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Monthly Archives: April 2017

The Content Conundrum

Schools are increasingly pursuing a wider range of learning goals for their students, which is a good thing (mostly). They are trying to bring more so-called “21st-century skills” into their curriculum, at a time when those skills are increasingly valued and rare in the world.

However, hours dedicated to learning 21st-century skills create a time crunch unless less one of two things happen: less time is spent somewhere else in the school’s schedule, or the traditional content delivery has 21st-century skills so seamlessly built into it that it doesn’t diminish the rate of knowledge acquisition of the traditional content. The latter option amounts to wishful thinking, for the most part, because it’s hard to focus on two cognitive operations or tasks at once. The dream of essentially doubling the value of instructional time (sidestepping the time tradeoff of traditional content and 21st-century skills) will go unrealized most of the time.

Schools will have to do what all of us have do with our limited time resource: make a deliberate, strategic, and hard choice about what will most influence future success. We need to look at our mission and our values and the promises we make to stakeholders. We need to allocate time bravely, putting it where it will have the most impact down the road. That’s going to be hard, especially for schools who have traditionally used “academic rigor” as the core of their value proposition.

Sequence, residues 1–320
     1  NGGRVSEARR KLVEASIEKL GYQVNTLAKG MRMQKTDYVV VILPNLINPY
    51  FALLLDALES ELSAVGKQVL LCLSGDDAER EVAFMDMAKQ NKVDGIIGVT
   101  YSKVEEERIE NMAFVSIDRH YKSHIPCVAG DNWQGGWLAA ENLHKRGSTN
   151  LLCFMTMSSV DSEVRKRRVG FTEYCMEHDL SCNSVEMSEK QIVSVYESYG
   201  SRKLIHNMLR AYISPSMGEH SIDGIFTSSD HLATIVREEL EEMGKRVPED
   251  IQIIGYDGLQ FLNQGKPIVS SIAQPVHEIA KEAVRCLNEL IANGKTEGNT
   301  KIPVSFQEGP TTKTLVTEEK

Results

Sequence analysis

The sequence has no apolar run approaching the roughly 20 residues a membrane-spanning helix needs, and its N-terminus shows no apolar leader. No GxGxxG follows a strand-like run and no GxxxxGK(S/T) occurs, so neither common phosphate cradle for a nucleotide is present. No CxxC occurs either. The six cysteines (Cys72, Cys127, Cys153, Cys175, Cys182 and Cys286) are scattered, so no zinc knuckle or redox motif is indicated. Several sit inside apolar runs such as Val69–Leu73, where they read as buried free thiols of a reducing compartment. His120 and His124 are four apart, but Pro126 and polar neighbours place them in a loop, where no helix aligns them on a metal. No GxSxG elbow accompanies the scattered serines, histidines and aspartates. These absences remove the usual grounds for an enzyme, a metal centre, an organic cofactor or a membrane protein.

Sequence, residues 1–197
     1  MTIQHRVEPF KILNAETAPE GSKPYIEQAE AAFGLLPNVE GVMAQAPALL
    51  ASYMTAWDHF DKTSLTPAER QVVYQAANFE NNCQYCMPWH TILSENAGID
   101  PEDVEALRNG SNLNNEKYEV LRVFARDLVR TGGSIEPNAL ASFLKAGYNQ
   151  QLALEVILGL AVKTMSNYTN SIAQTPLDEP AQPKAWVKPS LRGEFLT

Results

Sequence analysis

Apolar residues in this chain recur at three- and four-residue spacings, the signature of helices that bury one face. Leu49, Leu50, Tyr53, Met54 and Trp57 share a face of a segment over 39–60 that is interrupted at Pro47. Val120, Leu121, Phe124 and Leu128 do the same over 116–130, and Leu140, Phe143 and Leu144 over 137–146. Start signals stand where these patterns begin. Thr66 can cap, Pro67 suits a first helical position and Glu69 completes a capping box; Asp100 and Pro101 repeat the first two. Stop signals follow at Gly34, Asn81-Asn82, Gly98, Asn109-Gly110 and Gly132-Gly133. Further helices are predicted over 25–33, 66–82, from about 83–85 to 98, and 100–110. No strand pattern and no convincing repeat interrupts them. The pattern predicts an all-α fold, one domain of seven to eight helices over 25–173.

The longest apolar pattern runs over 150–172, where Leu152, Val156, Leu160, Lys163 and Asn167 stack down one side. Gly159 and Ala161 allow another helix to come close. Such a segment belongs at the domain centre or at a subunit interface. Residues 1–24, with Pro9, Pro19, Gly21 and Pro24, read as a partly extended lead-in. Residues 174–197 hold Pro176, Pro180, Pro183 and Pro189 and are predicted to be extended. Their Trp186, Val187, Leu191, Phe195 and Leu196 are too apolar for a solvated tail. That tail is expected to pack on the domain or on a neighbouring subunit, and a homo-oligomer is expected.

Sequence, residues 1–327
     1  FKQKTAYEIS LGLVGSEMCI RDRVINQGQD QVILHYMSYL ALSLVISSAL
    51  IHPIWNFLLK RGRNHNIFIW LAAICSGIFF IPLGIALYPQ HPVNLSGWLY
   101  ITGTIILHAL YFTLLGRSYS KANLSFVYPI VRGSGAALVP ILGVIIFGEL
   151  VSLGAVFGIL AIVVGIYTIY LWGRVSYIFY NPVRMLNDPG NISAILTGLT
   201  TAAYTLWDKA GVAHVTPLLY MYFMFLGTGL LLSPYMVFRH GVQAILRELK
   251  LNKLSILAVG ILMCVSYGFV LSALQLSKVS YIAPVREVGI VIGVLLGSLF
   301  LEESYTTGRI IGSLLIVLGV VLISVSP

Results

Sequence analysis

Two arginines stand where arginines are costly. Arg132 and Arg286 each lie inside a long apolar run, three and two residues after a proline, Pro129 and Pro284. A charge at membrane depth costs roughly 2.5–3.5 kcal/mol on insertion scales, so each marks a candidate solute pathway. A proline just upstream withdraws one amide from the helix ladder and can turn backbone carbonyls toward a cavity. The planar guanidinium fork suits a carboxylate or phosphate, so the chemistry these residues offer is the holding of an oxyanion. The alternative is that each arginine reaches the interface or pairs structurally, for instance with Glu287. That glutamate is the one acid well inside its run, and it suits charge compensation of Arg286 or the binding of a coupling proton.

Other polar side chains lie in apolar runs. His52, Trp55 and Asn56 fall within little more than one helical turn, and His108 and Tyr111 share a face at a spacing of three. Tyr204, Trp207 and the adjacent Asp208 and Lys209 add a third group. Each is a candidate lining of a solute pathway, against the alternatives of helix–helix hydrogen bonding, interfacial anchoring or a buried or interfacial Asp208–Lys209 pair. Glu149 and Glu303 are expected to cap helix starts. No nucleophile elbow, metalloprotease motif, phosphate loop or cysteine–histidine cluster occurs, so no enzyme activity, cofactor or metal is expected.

If you know of a school that is navigating the content conundrum well, please let me know so I can learn from them.

P.S.: Not making a choice to pursue one of these options is a choice in itself, not one likely to create the best outcomes for our students.

Note to Parents: Fire Your Inner Micromanager

Parents, how many of you like being micromanaged? I’m guessing none of you do. Being micromanaged feels bad. You don’t feel trusted. You don’t feel agency. You don’t feel motivated.

Teenagers, like the rest us, also want to feel trust, agency, and the intrinsic motivation that results from those privileges. These factors enable them to internalize the notion that they are ready to be independent adults.

In the thousands of families I have worked with over the years, the most common source of tension is parental micromanagement of children. In teens, these signs are easy to spot: frustration, resentment, perhaps even rebellion. They are the same ones adults experience in their professional lives.

Full disclosure: I am a parent. I feel the pull to micromanage my kids a dozen times a day. I want to tell my son to not co-mingle sweaters and long sleeve t-shirts. I want to tell him how to more effectively transition from brushing his teeth to the next step in getting ready for bed, in part so I can get on with my day. This is the start of the trouble.

We parents instinctively want to teach our children everything. We want them to find success and fulfillment by avoiding mistakes that might hurt them later. But if we let our instincts run at full force, we will stunt our kids’ growth and limit their ability to achieve functional independence. Letting our micromanaging impulses run free feels good because it creates the illusion that we are dutifully showing our kids how to do things right, while assuaging our own fears that they are doing their work poorly. In practice, however, it has the reverse effect. Acting on our fear of their failures increases the odds that they will be less successful in the future.

So, is there a simple rule to avoid all this? Nope. Day-to-day challenges are far too situational and context-dependent for a “one size fits all” rule. But there is a simple first step on the path: butt out. Ignore your inner parent micromanager once a day. And when you commit to doing that, make it clear to your child that you are butting out and why, so they see you making the effort. Then talk about whatever comes next. Do a quick debrief. Next, try it twice a day, and keep debriefing. It’s the debrief that consolidates the learning for your child.

Go ahead and fire your micromanager, one day at a time and in little, unceasing steps. You and your child will both be better off.